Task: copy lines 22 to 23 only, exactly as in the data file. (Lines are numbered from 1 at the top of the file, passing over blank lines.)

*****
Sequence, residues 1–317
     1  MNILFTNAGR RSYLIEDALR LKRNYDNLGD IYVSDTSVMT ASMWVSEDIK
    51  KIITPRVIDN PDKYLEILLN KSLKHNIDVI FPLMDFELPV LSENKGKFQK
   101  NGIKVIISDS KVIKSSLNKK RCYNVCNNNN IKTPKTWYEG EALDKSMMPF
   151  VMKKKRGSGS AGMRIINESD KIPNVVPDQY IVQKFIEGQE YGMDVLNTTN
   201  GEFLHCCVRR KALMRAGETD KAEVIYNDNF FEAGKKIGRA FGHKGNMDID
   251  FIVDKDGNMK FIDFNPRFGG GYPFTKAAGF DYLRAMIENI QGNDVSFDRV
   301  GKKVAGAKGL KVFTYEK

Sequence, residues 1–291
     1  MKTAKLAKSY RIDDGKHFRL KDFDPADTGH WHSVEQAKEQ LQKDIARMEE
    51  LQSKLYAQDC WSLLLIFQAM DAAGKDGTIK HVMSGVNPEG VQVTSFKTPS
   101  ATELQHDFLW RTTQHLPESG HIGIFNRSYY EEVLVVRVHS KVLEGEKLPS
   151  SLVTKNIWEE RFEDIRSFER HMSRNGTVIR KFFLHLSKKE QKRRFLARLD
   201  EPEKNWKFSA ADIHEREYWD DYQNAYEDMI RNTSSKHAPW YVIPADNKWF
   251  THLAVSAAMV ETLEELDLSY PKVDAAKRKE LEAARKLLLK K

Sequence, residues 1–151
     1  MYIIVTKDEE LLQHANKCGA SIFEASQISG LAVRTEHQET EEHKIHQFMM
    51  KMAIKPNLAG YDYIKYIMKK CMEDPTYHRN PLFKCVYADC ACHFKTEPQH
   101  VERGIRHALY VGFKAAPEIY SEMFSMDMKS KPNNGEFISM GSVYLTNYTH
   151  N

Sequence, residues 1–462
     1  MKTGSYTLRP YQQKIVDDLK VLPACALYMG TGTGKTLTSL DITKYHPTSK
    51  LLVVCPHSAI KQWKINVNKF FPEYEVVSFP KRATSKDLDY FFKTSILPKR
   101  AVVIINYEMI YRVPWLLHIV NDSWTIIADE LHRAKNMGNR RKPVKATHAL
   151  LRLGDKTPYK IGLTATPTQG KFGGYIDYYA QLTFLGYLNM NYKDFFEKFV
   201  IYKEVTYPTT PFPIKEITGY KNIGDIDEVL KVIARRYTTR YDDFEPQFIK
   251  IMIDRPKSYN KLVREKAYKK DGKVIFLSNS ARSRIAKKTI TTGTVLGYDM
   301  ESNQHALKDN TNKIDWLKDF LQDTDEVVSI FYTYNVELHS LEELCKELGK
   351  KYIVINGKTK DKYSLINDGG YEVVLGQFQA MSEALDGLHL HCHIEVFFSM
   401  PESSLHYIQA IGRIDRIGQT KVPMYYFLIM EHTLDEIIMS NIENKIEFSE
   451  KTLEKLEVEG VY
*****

     1  MKTGSYTLRP YQQKIVDDLK VLPACALYMG TGTGKTLTSL DITKYHPTSK
    51  LLVVCPHSAI KQWKINVNKF FPEYEVVSFP KRATSKDLDY FFKTSILPKR